- Jeremiah 43:5-7
- "But Johanan . . . took all the remnant of Judah . . . and the king's daughters, .
. . into the land of Egypt."
- Armstrong reasons on the basis of these verses that David's throne was preserved by one
of King Zedekiah's daughters fleeing to Egypt. The royal seed was then replanted about 580
B.C. in Ireland, "later overturned a second time and replanted in Scotland,
overturned a third time planted in London, from where it cannot be overturned or moved
again until the coming of Christ, when it once again shall be overturned and transplanted
back in Jerusalem."1
- The royal party "brought with them some remarkable things, including the harp, an
ark, and a wonderful stone called 'Lia-Fail', or 'stone of destiny' . . . many kings in
the history of Ireland, Scotland, and England have been coronated sitting over this stone,
- including the present queen. The stone rests, today, in Westminster Abbey in London, and
the Coronation Chair is built over and around it. A sign beside it labels it 'Jacob's
pillar-stone.' (Gen. 28:18)." 2
- Even if Zedekiah's daughters had escaped as stated, they were not in the royal line.
Zedekiah was an interloper instated by the Babylonians. "And he [Nebuchadnezzar]
carried away Jehoiachin [King of Judah] to Babylon, and the king's mother, and the king's
wives, and his officers, and the mighty of the land, those carried he into
captivity from Jerusalem to Babylon . . . And the king of Babylon made Mattaniah his
father's brother king in his stead, and changed his name to Zedekiah." (2 Kings
24:17). See also the genealogy in Matt. 1:11-13. This evidence completely destroys the
case Armstrong is trying to make for the transplantation of the "royal seed."
- Armstrong presents the escape of the daughters of King Zedekiah as a providential move
to preserve the "royal seed". Scripture, however, makes it clear that the move
to Egypt was for punishment. "So they came into the land of Egypt: for they obeyed
not the voice of the LORD . . . " (Jer. 43:7). Even while in Egypt their wickedness
was manifest: " . . . ye provoke me unto wrath with the works of your hands, burning
incense unto other gods in the land of Egypt . . . " (Jer. 44:8). All but a small
number escaped since God had declared "they shall all be consumed, and fall in the
land of Egypt . . . they shall die, from the least even unto the greatest, by the sword
and by the famine . . . " (Jer. 44:12).
- Armstrong reasons that the small number (Jer. 44:28) included the "royal seed"
which departed for Ireland. This conclusion does not follow for these reasons:
- The alleged royal seed is not mentioned as escaping. The fact that "all the
women" (Jer. 44:15), told Jeremiah that they would not listen to him, but rather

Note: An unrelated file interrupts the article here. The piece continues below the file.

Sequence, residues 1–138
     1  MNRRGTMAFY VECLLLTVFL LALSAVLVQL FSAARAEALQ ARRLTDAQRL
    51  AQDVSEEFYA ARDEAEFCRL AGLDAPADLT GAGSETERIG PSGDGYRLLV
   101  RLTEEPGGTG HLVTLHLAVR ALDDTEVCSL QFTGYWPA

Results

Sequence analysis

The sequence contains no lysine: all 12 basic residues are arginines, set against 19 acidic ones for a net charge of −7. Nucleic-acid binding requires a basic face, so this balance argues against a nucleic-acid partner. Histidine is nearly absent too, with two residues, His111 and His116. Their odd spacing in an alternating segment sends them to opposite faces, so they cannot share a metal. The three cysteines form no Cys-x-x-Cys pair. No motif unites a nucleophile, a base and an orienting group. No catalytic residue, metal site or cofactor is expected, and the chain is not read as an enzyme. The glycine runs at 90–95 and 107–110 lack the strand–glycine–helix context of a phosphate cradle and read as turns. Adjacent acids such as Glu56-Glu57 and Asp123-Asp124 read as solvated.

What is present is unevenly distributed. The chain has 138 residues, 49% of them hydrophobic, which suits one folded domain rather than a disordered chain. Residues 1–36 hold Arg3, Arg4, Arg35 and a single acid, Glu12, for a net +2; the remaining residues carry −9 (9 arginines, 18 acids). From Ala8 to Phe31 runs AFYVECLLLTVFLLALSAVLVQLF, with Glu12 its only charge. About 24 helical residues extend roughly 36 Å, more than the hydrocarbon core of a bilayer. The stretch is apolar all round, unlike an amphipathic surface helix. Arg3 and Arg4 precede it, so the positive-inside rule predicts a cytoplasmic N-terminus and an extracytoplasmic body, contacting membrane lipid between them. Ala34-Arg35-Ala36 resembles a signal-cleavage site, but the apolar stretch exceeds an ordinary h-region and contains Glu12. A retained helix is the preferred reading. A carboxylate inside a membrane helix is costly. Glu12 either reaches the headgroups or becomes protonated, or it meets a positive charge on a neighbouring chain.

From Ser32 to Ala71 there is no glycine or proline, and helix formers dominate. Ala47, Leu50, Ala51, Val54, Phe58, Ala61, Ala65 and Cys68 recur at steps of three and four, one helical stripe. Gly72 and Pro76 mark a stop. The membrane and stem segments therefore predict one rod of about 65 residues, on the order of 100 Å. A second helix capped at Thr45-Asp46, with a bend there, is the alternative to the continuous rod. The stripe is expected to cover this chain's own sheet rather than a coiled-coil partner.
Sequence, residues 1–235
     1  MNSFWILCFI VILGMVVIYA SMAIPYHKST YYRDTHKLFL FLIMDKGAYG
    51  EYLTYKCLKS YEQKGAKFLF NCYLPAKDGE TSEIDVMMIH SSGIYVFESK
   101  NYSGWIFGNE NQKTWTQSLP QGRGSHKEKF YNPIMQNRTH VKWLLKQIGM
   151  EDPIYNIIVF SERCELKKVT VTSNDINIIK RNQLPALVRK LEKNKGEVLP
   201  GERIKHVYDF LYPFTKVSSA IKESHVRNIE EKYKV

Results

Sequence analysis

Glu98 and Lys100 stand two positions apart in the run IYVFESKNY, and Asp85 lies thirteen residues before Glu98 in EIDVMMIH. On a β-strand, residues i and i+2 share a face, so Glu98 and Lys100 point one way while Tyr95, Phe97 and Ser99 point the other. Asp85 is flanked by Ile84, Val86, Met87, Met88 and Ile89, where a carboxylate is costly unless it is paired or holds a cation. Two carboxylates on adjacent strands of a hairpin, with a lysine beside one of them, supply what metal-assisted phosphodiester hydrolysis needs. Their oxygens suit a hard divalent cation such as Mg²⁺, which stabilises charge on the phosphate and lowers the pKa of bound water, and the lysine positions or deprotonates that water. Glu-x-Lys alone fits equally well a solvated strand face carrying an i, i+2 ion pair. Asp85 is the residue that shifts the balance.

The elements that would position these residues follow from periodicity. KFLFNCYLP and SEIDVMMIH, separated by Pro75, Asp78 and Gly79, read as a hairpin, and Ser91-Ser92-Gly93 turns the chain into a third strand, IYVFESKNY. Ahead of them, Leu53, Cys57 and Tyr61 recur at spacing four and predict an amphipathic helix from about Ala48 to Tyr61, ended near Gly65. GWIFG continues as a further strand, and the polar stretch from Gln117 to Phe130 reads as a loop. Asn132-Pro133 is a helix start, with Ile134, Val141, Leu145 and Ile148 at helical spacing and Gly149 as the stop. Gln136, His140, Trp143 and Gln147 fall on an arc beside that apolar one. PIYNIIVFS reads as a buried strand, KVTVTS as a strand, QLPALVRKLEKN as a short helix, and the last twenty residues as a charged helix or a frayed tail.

preferred the queen of heaven is suggestive that the King's daughters did not escape. (See
- Those who did escape returned to Judah (Jer. 44:14,28). Scripture is silent about a trip
- The evidence that the Coronation Stone in Westminster Abbey is the stone Jacob used for
a pillow is not conclusive. Consider the following:
- The Coronation Stone is red sandstone, the stones of Bethel are white
- Jacob said, "And this stone, which I have set for a pillar, shall be God's house .
. . " (Gen. 28:22). To set the stone for a pillar is not the kind of language one
would ordinarily associate with taking the stone with him on the journey.
- Ezekiel makes no reference to the throne of David being removed to a different location.
This information must be read into the passage. The language employed by Ezekiel is an
emphatic denial that the throne of David existed anywhere after the death of Zedekiah.
" . . . and it shall be no more, until he come whose right it is . . . "3 (Ezek. 21:27, cf. "there shall
not be even a trace of it until he comes whose right it is", R.S.V.).
- "I will overturn, overturn, overturn, it", ("ruin, ruin, ruin",
R.S.V.) may be emphatic emphasis4
for the overturning by the Babylonians in the time of Zedekiah, or it may refer to the
three invasions by the Babylonians, Antiochus Epiphanes and Titus. The language,
"remove the diadem, and take off the crown" (Ezek. 21:26) - symbols of the
political government, indicates a termination of the Davidic throne. It would remain so
"until he come" - the Lord Jesus Christ. Israel was subsequently to remain
"many days without a prince, and without a sacrifice". (Hosea 3:4). This
language is incompatible with Armstrong's claim that the Davidic throne merely changed
location with out interruption of continuity.
- Herbert W. Armstrong, The United States and the British Commonwealth in Prophecy,
(Pasadena: Ambassador College, 1954), p. 20. Return
- Ibid., p. 19. Return
- "Abase him that is high" (Ezek. 21:26) is likely a reference to the subsequent
degradation suffered by the wicked King Zedekiah at the hands of the Babylonians. (see 2
Kings 25:7). "Exalt him that is low" may refer to the poor left in the land.
(see Jer. 40:7). Return
- Note the similarity of emphasis on the word "earth" in Jer. 22:29. Return